I quite often hear from constituents about tax havens, inequalities, and tax evasion. People tell me how unfair it is that companies manage to avoid paying taxes, while these people work so hard and pay their fair share. They are so right.
I want to share a quote from an email I received from one of my constituents a few weeks ago:
|| We need to get rid of tax havens and make companies pay their fair share. These companies earn billions of dollars and pay less tax than ordinary taxpayers. They send their profits to tax havens, when this money could be put towards major projects in our country.
|| So many sectors are in need of reform, and the government will not do it. The past 28 months have shown that the Prime Minister has forgotten his election promises.
My constituent took the time to write that, and it is so true.
In a few months, it will be time for us to do our taxes. Many will have to tighten their belts, while the wealthiest Canadians can afford tax accountants and big law firms to avoid paying taxes. I quote Brigitte Alepin, a leading Quebec tax expert:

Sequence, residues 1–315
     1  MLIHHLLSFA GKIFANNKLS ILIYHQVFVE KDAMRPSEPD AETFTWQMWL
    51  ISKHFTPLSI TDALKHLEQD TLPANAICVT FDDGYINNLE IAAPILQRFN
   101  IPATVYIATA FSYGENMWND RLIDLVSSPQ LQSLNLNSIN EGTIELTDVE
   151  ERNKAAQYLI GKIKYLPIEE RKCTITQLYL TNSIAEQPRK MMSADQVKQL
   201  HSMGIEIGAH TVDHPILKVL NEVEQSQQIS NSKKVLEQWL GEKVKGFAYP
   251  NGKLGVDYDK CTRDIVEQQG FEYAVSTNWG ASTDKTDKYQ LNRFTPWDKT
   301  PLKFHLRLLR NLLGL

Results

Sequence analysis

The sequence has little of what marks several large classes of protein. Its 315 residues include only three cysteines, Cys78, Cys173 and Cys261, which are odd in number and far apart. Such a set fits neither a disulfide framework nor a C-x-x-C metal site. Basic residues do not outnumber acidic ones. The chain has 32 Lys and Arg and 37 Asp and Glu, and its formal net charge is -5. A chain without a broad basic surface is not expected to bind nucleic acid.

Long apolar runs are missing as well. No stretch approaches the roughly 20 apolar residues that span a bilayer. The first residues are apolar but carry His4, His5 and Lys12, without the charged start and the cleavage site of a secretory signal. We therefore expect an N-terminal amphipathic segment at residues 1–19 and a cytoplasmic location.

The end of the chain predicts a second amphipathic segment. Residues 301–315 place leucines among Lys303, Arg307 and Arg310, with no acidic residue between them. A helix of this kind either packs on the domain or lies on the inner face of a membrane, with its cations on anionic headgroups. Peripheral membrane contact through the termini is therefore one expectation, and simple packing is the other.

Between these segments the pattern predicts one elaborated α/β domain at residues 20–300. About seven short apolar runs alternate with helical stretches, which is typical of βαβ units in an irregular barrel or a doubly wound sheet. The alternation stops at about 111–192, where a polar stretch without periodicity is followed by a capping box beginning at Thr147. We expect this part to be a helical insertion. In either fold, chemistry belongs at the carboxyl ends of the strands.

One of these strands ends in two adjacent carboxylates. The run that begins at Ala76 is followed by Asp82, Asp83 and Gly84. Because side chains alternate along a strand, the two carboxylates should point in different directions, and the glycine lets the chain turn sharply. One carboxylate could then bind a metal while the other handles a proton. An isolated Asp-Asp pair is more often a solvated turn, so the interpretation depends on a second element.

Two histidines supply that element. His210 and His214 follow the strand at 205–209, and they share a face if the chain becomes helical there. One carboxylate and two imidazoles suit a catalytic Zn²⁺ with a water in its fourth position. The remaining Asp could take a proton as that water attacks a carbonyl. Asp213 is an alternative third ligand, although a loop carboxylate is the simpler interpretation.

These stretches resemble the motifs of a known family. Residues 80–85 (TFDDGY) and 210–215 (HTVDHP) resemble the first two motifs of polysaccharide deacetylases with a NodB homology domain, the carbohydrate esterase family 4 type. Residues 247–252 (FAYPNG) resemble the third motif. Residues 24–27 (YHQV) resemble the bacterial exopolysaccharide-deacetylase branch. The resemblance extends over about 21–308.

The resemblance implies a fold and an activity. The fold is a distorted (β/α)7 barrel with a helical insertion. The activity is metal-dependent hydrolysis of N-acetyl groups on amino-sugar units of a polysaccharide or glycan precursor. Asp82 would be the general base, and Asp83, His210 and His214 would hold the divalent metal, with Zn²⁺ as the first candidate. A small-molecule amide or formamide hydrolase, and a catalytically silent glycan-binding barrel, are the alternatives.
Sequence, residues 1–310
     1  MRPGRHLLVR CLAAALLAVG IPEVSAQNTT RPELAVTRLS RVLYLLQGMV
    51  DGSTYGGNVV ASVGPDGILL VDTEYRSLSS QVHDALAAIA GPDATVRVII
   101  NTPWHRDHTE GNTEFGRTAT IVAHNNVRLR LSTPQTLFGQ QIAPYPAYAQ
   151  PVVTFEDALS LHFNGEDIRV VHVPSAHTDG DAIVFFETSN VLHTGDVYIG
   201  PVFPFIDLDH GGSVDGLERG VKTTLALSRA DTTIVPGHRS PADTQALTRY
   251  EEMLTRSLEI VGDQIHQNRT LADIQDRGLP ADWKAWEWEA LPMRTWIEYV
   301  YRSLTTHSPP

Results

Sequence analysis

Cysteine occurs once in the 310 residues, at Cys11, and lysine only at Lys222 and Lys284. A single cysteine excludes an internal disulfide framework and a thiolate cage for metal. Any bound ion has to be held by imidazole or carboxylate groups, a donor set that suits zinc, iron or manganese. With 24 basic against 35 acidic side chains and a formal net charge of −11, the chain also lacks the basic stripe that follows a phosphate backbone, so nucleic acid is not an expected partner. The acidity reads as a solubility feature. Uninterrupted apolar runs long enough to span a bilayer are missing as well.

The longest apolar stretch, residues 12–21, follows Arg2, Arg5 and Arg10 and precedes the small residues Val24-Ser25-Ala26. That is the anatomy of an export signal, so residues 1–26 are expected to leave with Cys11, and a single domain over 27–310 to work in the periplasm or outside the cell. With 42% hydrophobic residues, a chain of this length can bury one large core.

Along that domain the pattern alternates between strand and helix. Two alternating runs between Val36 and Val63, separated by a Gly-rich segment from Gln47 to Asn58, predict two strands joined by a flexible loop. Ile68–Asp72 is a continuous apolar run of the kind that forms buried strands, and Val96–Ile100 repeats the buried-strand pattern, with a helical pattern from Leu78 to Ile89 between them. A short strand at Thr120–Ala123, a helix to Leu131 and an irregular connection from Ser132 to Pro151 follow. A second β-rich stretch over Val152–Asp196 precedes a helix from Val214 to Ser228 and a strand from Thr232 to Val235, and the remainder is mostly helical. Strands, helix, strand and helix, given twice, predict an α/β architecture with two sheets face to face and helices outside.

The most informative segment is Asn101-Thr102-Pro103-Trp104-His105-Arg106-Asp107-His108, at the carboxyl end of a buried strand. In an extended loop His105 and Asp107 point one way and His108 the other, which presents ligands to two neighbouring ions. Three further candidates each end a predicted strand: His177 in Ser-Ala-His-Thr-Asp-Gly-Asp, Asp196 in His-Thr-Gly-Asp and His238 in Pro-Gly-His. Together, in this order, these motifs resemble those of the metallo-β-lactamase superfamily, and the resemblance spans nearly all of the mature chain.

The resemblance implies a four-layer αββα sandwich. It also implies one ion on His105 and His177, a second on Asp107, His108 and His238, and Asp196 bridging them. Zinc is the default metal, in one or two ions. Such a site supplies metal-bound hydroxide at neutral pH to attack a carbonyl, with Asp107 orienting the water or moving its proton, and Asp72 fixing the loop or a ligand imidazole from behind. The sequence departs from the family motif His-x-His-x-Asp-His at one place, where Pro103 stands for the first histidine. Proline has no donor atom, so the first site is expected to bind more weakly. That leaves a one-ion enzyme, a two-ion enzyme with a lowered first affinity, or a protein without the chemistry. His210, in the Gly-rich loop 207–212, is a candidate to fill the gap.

|| When ordinary citizens pay on average 60% of their income in income and consumption taxes while the wealthiest have a full range of tax shelters at their disposal to get around, if not cancel out, billions of dollars in income tax, we have every reason to call this a scandal of society.
It really is a scandal.
I invite everyone in Saint-Hyacinthe to my third annual tax credit information session, which this year will be at the Centre communautaire Rosalie-Papineau, 5250 Rue Gérard Côté in Saint-Hyacinthe.
Year after year, this event is a big hit and is attended by over 200 people, often close to 300. Last year, after attending this session, one of my constituents got back a $15,000 tax refund. I therefore invite all of my constituents to come out to this event so they can hear what tax credits they are entitled to.
In March 2017, the New Democrats moved a motion to eliminate tax havens, loopholes, and favourable treatment for the wealthiest Canadians, and it passed. Instead of taking action, the Liberals signed new agreements with other tax havens such as the Cook Islands, Antigua and Barbuda, and Grenada.